Globalization cannot stop. State interdependency cannot stop. This dirties up the lines of autonomy but underneath the mud, nation states continue to exist but with a broader regional and global community. Decisions are made through centralized independent, governments, which control their own laws, govern their own people, as well as protect their constituents. Just as Krasner describes, “One states does not have a right to intervene in the internal affairs of another,” one state cannot govern another. But with the rise of international organizations that take on power that can override a states decision, it is no longer borderlines and a constitution that defines a nation-state.
Stephen Krasner author Sovereignty states, “sovereignty is not dead,” but rather it is evolving to meet the needs of the new millennium. In 17th Century Europe, the creation of autonomous, independent states to govern citizens, protect, and provide economic support was in high demand. These needs were met through the means of war, which helped create borderlines and divisions amongst people. The new millennium brings new needs such as global community unification, security and protection, and easy access across boarders. These needs are being met through international organizations, non-governmental organizations, and multi-national corporations.
Many critics of globalization’s impact on sovereignty have not quite examined the role of sovereignty. Although many see the definition of sovereignty as stagnate and not changing, it is the role of sovereign states to define and manipulate how the sovereignty of the state can achieve greater goals. Technologies have made it easier, not harder, for states to manage the flow of goods and services as Krasner describes. States are in the position to decide how their sovereignty should be founded rather than sovereignty guiding the state. As Krasner describes, globalization just changes the scope of state control.
Let’s examine the EU. This is not a singular entity but a governing body comprised of several other supranational institutions designed to deal with different issues with member states. The member states for each committee, for example the European Council of Ministers, have the option to join or to not be involved with different institutions to solve the transnational problem of efficiency. This voluntary option clearly accentuates the evolution of sovereignty. Sovereign states choose to coexist by building a stronger institution to deal with the goals and concerns of the new millennium. This is new evolved sovereignty.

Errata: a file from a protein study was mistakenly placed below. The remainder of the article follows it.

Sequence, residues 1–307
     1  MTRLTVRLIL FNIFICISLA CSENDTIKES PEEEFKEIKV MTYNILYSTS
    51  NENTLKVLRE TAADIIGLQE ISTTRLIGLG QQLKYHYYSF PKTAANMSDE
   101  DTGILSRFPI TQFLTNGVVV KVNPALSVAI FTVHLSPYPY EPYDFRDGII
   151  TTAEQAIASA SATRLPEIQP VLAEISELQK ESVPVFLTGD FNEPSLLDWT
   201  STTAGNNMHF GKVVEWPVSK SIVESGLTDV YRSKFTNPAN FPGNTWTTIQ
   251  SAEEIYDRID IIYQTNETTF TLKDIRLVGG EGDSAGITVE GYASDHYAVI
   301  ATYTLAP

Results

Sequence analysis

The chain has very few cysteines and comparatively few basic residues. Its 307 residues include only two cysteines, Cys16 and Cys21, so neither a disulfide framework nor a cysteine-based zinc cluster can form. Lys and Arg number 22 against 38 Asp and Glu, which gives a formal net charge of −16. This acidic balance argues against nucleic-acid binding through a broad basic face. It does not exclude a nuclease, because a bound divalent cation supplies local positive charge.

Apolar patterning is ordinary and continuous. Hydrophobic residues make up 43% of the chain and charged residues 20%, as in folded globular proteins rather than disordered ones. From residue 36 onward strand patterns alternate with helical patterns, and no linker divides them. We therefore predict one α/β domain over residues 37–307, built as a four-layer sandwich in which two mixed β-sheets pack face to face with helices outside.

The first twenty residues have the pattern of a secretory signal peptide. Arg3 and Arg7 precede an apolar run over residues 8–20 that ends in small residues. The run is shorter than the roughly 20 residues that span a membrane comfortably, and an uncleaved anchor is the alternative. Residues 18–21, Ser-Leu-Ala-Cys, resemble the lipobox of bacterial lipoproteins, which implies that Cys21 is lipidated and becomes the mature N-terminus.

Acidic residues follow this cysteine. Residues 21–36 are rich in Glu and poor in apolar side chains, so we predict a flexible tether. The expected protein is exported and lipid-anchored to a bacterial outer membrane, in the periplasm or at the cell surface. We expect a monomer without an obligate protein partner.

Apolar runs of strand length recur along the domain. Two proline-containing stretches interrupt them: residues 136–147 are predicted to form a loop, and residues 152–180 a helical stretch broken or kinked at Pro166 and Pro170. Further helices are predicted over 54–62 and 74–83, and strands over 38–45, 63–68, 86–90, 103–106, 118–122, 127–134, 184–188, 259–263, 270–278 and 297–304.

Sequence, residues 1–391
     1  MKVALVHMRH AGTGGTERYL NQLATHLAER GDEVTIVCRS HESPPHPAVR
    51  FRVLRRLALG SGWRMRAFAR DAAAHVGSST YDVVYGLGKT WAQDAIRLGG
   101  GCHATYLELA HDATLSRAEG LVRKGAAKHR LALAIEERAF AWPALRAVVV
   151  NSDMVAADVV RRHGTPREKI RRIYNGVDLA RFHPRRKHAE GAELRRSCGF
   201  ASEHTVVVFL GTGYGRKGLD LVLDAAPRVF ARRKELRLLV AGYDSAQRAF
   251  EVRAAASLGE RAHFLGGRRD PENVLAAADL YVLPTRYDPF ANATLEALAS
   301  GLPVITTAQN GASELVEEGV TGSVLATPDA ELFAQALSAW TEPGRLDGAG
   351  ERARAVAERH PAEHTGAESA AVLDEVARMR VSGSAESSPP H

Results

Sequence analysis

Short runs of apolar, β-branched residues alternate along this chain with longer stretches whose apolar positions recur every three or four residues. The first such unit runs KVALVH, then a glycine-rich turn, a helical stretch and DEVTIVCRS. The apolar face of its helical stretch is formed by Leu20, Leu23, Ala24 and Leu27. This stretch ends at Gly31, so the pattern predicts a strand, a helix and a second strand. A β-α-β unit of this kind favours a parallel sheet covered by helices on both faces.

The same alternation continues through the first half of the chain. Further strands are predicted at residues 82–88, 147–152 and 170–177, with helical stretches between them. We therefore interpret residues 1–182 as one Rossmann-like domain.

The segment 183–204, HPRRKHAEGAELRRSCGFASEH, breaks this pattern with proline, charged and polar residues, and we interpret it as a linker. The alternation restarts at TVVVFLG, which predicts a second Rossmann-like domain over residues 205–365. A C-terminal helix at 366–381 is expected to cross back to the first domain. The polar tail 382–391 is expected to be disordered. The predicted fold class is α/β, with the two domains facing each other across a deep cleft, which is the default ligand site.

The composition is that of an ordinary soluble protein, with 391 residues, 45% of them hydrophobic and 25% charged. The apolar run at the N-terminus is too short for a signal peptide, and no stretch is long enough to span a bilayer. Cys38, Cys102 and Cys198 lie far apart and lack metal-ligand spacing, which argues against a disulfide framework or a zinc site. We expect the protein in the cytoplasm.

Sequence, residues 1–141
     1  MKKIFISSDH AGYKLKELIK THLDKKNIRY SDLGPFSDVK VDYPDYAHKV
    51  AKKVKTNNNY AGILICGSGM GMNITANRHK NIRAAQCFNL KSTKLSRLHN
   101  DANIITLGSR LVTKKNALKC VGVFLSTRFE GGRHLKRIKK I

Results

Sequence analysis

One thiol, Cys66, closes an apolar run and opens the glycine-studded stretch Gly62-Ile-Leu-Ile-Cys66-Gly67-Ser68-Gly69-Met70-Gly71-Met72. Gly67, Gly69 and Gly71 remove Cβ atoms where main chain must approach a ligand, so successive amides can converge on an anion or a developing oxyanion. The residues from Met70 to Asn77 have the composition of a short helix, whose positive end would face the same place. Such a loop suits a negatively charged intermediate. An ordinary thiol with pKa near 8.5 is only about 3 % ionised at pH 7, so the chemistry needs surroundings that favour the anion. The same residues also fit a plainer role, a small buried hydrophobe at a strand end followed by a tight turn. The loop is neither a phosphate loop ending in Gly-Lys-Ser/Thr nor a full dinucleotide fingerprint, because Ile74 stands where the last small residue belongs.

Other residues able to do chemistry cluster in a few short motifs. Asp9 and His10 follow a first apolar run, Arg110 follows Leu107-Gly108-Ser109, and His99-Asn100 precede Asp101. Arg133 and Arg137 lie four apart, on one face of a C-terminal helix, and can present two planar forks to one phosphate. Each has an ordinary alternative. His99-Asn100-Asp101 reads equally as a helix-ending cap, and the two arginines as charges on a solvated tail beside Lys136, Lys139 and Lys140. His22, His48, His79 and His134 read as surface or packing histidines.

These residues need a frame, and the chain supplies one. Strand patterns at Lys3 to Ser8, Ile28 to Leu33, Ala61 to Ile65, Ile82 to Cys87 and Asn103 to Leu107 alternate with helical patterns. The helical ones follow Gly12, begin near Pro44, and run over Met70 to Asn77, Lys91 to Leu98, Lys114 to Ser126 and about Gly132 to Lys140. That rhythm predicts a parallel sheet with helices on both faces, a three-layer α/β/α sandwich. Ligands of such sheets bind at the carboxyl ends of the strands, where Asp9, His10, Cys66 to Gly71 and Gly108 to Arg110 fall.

Just as Krasner described, “sovereignty is not dead.” Nation-States will not disappear, they will continue to guide their own political processes and govern their constituents. However, the intervention of international organizations, non-governmental organizations, and multinational corporations will become increasingly noticeable in the next 35 years.
We are told from Charles Tilly that, “War makes states.” Well now, war doesn’t just make or destroy states, international organizations have the power to intervene if a state is not doing its part in rightfully governing their citizens. The 1999 NATO intervention in Kosovo, which forced Serbia to give up control of the restive province after years of abusive rule, is one model that could be continued in the future.
What has changed in Europe since the 1600s? A sense of community, a feeling of security so if you fall down there is 10 hands keeping you from truly falling. Not only in Europe is there a need for unity but also rather continents and the global community are more interested in interdependency among sovereign states. Yes, state building continues to be maintained by war and territory intervention, but now there are more voices speaking up deciding if that serves the interest of the global community.